I have no love for the Dems, but I have utter hate for Republicans.

They put out a ton of heavily questionable reasons to ban gays from the military, but since they’ve all been exposed to be phony posturing, we’re left with one conclusion.


At the End of All Things by ~L-nay on deviantART

Republicans hate gays more than death itself. They would rather we get a few kilotons shoved up our butt than have gays serve our country and risk their lives. They would rather risk decades of deformity and nuclear fallout than risk openly gay men and women bolster our flagging recruitment numbers. They would rather that the population and infrastructure of an American city be destroyed in a ball of plutonium-fueled fire than have gays defend the Constitution Republicans themselves hold so dear.

The GOP has done some atrocious things in the past for the sake of political points, all hoping to just not let the Democrats do anything. This though, and the obligatory backlash to repeal the repeal, show the true face of the Grand Old Party.

Homophobes and bigots. If you’re a Republican, you have no business talking about compassion, common sense, and inclusion. And if you’re gay, bisexual, or transgendered, remember this. The Republicans believe you are more dangerous than nuclear weapons.

Nothing but unhinged contempt is required here.


No Homophobia by ~Lexee90 on deviantART

And now, to clean the taste of Republican exposure out of your brain, here are the links!

  • Would you like your next sexual innuendo to be REALLY cool? Here’s a chart! Likewise, if you want to last longer with your significant other and you have a penchant for the scientific and philosophical, here’s a guide.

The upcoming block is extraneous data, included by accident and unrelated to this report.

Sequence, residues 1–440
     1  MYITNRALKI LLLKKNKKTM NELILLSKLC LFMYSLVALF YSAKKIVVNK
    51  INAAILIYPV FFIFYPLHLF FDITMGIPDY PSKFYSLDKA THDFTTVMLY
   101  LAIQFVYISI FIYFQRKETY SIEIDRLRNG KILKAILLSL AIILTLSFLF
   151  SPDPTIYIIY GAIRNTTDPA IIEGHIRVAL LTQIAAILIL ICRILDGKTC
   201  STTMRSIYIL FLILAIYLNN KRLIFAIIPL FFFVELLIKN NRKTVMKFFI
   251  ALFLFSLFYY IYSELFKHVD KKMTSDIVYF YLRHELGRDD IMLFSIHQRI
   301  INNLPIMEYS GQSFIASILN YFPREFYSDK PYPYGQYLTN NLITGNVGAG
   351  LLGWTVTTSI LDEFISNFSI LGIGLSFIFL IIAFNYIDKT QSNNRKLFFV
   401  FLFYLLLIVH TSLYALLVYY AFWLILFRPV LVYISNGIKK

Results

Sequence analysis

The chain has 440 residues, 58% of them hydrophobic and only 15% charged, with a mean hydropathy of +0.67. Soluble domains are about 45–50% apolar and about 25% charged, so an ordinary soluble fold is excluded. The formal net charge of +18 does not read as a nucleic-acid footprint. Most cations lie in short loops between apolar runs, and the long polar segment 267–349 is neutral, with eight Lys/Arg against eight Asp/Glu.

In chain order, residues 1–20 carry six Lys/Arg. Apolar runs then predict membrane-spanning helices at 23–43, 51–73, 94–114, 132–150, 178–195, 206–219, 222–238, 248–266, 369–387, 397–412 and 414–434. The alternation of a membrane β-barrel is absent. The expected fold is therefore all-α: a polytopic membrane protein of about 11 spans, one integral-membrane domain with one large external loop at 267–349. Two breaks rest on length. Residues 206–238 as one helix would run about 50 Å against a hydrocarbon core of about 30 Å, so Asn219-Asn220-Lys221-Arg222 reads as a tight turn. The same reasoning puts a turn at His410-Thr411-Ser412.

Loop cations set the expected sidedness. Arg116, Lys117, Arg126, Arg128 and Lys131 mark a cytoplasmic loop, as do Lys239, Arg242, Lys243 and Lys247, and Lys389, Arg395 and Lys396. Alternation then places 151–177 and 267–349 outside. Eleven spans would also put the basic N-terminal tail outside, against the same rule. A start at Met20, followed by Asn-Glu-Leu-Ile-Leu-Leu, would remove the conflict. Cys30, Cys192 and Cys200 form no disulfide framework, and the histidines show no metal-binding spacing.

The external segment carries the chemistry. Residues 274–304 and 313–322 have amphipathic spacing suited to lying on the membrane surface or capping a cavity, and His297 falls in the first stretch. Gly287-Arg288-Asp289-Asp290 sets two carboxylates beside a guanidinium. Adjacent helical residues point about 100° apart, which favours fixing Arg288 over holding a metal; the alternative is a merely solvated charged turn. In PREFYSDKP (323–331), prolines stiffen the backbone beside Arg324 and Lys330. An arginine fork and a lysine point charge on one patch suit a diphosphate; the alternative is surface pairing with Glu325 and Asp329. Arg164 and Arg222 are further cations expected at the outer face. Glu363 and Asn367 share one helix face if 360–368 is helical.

• It looks like the cartels in Mexico are calling a month-long truce. I’m pretty sure this is a trap of some sort, but let’s see how it plays out.
  • Look, I’ve made no secret of my hatred for bad writing that gets put up like it’s some new standard to achieve… and I’ve worked hard at what I do… which makes it that much more infuriating when Snooki of all people gets a book deal just because she was on a show where she and a bunch of other D-bags made a whole state look bad. And it looks like she’s giving the great American writers a run for their money. And it saddens me that the sarcasm in the last sentence doesn’t translate well through text.
  • And speaking of the genetic landfill that is Jersey Shore, the Situation also has a book out. This has to be the greatest review ever.
  • And finally, here’s a video that made even ME smile. The happiest penguin ever. Take care, don’t forget to share the link, and I’ll see you Friday.